Have you ever been in a yoga class, singing in a choir, dancing in a group number, moving in a synchronized swimming class, or marching in a marching band and felt a sense of something greater than yourself? Maybe a feeling of wholeness, connectedness, joy? This is because of a combination of muscular bonding and collective effervescence.
“Muscular bonding”, a label created by historian and WWII veteran William McNeill, is the process of moving together in synchrony that allows humans to change the sense of ‘I’ into a sense of ‘we’ (shut down the self and make a single “super organism” out of a collection of individuals). McNeill first recognized it in military marching patterns that allowed people to forget themselves, trust each other, function as a unit, and defeat other groups. In conjunction to this theory, is the theory of “collective effervescence,” coined by French sociologist Émile Durkheim. He stated, “once individuals are gathered together, a sort of electricity is generated from their closeness and quickly launches them into an extraordinary height of exaltation.” You know the feeling, of being at a concert, sporting event, religious function, or political rally? Congregating with likeminded individuals can be a very powerful stimulant.
So how can this information help in the corporate world?
“Organizations that can take advantage of our hive[ish] nature can activate pride, loyalty, and enthusiasm among its employees and then monitor them less closely. This… generates social capital- the bonds of trust that help employees get more work done at a lower cost… Hive[ish] employees work harder, have more fun, and are less likely to quit or to sue the company.”The Righteous Mind by Jonathan Haidt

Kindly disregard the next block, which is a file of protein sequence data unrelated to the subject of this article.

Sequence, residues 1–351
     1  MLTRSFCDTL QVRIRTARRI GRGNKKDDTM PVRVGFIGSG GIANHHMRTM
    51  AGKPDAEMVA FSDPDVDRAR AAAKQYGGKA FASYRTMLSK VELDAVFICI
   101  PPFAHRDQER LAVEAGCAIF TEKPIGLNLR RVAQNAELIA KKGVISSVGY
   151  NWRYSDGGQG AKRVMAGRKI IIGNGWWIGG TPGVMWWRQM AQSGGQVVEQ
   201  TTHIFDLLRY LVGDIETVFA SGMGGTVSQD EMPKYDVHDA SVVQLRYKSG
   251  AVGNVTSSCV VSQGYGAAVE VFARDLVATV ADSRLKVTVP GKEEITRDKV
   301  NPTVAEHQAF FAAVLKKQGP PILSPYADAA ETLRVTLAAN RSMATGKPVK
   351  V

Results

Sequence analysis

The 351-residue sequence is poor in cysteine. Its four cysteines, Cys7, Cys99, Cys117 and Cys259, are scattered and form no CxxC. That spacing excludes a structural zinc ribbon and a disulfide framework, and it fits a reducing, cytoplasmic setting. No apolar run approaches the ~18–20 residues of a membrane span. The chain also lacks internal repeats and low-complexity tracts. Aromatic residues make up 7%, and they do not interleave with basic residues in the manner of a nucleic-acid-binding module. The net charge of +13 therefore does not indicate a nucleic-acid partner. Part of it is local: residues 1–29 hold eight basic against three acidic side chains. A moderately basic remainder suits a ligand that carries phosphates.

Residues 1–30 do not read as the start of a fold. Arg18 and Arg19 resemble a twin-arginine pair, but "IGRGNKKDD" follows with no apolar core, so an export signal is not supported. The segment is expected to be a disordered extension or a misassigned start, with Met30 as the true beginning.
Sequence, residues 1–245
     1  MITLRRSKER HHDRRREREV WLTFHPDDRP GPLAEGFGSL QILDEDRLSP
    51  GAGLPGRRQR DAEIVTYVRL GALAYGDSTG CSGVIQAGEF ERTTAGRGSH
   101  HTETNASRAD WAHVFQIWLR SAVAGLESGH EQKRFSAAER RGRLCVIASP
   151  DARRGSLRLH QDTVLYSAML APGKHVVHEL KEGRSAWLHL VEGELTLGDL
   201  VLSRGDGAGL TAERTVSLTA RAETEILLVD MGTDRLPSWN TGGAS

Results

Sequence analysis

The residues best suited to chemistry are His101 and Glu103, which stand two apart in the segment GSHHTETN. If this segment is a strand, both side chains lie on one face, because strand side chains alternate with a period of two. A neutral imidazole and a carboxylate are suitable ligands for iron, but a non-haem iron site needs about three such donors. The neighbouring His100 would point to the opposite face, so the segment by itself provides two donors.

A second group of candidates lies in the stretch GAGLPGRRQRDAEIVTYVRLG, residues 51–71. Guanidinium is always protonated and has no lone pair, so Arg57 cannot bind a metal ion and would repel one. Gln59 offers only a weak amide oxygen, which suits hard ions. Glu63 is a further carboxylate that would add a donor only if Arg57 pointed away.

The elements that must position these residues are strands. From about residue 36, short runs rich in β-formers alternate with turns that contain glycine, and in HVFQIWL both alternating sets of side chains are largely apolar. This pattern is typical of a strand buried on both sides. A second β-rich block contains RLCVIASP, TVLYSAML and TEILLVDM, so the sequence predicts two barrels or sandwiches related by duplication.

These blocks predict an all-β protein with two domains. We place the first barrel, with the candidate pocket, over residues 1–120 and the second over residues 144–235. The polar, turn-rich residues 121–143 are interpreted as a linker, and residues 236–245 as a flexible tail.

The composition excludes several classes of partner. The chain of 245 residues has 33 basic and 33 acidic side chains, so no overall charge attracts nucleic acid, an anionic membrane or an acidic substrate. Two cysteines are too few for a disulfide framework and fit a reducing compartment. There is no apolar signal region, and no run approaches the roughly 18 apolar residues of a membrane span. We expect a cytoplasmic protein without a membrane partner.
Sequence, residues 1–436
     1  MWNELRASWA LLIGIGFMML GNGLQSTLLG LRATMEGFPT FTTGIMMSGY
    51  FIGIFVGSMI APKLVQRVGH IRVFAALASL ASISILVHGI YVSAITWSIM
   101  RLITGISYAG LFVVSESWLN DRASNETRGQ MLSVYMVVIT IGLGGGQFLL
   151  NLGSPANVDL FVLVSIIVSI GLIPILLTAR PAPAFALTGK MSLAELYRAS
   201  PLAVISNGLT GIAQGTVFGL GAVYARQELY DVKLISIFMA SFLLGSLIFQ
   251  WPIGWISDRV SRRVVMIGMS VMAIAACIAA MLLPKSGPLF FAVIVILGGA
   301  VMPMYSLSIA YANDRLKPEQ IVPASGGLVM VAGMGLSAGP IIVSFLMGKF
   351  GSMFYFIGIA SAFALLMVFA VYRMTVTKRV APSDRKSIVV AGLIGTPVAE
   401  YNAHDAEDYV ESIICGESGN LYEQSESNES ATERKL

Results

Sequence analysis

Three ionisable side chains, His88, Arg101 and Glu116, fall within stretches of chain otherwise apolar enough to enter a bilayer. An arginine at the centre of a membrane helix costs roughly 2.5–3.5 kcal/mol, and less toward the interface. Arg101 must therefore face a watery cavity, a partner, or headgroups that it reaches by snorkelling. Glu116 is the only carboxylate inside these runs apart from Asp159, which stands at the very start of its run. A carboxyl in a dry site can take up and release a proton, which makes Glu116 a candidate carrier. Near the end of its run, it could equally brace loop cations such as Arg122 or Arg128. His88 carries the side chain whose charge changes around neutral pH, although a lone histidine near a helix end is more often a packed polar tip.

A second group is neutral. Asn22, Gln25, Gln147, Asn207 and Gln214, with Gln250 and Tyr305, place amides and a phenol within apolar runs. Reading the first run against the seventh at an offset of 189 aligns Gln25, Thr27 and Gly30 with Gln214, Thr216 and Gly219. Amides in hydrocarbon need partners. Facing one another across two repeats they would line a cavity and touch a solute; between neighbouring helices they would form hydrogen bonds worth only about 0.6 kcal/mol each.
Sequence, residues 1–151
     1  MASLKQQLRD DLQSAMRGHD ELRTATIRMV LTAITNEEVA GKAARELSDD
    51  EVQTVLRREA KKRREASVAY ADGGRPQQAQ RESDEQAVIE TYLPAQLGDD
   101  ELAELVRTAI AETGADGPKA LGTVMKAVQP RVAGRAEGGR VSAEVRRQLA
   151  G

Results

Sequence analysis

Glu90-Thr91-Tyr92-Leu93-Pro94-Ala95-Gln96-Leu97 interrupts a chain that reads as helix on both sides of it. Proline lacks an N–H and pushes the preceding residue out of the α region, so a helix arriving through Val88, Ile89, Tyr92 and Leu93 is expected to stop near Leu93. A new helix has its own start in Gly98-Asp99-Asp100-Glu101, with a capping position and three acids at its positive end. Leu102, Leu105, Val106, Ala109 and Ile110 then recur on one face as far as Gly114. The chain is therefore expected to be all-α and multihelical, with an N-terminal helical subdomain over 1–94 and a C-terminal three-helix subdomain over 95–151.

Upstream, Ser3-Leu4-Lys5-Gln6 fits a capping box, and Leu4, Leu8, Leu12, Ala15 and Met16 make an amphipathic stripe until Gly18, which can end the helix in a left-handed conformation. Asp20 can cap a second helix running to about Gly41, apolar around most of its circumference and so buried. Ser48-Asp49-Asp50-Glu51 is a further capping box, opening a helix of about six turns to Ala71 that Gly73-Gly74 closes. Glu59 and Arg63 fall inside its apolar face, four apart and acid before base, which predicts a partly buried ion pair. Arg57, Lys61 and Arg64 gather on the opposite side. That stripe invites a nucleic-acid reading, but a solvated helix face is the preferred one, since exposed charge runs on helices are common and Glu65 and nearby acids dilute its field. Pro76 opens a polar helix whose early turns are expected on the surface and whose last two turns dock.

Hive mind…. find your tribe… all have similar consequences – higher satisfaction and productivity. Many companies take advantage of activities like sports leagues and new programs like adult recess. But why not take advantage of both aspects of muscular bonding and collective effervescence at the same time? More and more companies are incorporating yoga into their workday to not only improve their employee’s well being and mental balance, but to also reap the benefit of these two phenomena.
When groups come together to take a yoga class, students breath together, move together, and feel together. Yoga fosters the same sense of group coherence, trust, and acceptance among individuals as tribal dances of ancient times, military drilling of the Greeks and Romans, and early morning movement exercises of Japanese factory workers. Having people move together makes them work better together because they feel like they are all in it together. Incorporating group yoga into the work day generates all the benefits of muscular bonding and hive mind!